Author : Craig, J.A. Date : 2012. Title : Late Holocene glacial history of Scimitar Glacier, Mt. Waddington area, British Columbia Coast Mountains, Canada. Publication : Unpublished MSc thesis. University of Victoria, Victoria, British Columbia, Issue : Page(s) : 67 p.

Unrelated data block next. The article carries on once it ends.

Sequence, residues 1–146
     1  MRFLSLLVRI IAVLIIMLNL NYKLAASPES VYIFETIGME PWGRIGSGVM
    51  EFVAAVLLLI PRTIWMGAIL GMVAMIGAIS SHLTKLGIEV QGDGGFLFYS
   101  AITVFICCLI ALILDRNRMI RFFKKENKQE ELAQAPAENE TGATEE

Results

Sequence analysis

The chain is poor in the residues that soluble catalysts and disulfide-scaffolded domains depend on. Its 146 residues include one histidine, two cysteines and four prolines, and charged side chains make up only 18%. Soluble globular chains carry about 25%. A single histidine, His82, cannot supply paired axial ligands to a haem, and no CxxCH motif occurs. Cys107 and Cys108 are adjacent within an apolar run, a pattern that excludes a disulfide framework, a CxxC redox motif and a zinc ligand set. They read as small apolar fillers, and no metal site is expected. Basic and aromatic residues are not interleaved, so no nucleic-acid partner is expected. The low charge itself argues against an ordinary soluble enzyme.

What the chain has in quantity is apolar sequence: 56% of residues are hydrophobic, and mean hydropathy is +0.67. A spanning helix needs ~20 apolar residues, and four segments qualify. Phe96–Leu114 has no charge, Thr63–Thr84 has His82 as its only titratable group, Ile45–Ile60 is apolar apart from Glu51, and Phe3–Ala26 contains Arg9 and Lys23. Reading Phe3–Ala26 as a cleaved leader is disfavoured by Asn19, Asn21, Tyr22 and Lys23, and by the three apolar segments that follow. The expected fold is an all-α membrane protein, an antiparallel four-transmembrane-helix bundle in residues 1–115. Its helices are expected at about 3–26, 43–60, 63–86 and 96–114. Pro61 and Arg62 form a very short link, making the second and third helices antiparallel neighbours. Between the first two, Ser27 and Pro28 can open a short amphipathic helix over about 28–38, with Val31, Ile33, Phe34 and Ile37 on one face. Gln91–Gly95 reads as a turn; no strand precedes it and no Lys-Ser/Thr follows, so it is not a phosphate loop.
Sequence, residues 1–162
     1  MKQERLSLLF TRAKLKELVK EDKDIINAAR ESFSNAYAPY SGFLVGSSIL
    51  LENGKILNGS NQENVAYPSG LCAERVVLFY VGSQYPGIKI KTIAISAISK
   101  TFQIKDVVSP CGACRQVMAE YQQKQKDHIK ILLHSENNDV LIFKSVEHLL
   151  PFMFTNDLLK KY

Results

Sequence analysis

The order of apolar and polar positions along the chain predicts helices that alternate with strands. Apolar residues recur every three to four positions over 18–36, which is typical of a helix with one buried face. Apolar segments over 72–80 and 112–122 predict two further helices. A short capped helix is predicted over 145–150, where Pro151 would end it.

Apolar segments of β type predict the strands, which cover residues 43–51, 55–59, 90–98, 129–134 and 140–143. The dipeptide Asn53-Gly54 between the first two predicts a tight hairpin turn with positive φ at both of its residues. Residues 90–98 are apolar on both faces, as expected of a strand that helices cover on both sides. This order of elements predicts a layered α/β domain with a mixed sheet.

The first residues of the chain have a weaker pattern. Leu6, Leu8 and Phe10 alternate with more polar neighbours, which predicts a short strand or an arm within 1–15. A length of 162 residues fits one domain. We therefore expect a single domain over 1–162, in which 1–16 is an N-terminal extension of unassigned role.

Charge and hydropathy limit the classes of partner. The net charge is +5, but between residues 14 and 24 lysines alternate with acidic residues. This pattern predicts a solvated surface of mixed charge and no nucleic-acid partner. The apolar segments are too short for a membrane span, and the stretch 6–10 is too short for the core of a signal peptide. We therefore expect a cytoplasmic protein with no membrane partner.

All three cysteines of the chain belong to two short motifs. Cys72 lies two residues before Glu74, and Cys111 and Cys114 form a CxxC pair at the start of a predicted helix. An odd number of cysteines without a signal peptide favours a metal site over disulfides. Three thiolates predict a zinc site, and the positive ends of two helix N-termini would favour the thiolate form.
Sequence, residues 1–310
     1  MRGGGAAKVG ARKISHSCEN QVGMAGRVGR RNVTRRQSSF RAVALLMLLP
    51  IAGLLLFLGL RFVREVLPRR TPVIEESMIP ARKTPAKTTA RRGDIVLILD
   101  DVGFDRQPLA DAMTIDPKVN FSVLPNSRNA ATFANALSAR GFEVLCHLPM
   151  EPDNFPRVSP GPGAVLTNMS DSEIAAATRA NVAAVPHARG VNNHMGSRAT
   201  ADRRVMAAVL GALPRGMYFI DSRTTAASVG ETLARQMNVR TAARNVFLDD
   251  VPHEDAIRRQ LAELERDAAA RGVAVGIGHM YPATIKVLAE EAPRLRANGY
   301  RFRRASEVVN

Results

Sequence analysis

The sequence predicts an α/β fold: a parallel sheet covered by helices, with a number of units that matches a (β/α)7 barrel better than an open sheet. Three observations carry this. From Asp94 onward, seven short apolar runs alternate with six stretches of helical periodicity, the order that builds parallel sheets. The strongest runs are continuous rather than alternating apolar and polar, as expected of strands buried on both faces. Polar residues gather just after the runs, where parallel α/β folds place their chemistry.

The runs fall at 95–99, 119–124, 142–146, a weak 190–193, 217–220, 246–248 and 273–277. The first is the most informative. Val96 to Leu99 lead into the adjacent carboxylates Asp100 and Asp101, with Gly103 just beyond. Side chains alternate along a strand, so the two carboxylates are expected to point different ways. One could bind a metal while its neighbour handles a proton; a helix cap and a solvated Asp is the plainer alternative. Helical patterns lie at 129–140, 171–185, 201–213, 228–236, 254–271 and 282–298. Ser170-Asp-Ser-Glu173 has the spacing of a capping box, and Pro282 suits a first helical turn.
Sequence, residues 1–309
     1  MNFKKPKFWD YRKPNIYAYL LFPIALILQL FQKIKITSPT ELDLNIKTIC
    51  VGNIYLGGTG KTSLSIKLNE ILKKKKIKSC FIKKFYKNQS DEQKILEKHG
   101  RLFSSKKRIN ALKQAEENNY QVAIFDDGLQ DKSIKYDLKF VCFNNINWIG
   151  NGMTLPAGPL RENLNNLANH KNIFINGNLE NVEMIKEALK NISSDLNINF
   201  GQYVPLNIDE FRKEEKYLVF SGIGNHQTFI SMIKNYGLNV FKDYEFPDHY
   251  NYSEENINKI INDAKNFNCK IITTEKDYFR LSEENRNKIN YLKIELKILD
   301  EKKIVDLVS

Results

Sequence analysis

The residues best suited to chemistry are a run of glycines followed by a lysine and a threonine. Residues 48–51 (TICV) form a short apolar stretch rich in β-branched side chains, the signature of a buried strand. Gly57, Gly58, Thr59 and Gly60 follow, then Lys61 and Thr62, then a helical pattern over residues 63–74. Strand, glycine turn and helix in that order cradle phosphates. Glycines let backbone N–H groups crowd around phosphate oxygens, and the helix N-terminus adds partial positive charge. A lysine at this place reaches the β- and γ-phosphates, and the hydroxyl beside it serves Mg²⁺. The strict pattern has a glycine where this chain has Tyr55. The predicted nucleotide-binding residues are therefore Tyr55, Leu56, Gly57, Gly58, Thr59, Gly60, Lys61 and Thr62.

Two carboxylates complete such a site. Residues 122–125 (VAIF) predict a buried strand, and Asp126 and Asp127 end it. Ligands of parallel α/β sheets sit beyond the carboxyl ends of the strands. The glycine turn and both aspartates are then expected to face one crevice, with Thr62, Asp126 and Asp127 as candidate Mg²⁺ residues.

Scimitar Glacier originates below the northeast face of Mt. Waddington in the southern British Columbia Coast Mountains and flows 18 km down valley to calve into a proglacial lake. The purpose of this research was to describe the late Holocene glacier history of Scimitar Glacier using stratigraphic analysis in conjunction with dendroglaciologic and radiocarbon dating techniques.Downwasting of the glacier surface has exposed stacked till units separated by wood-bearing horizons in the proximal slopes of lateral moraines flanking the glacier at several locations. Historical moraine collapse and erosional breaching has also revealed the remains of standing trees buried in sediments from a lake originally ponded against the distal moraine slope. Radiocarbon dating of detrital wood remains revealed that Scimitar Glacier expanded down-valley at least three times in the late Holocene. The earliest period of expansion occurred 3167-2737 cal yr BP in association with the regional Tiedemann Advance. Following this the glacier receded and downwasted prior to advancing to reconstruct the lateral moraine in 1568-1412 cal yr BP during the First Millennial Advance. The most recent phase of moraine construction was initiated during late Little Ice Age glacial expansion before 1742 AD and extended until at least 1851 AD, after which Scimitar Glacier began to recede and downwaste. Field investigations at Scimitar Glacier allowed for the construction of a late Holocene history of glacier expansion and lateral moraine construction that spans the last 3000 years. This record is comparable to that recorded at other glaciers in this region, and confirms the long-term relationship between regional climate trends and glacier behaviour in this setting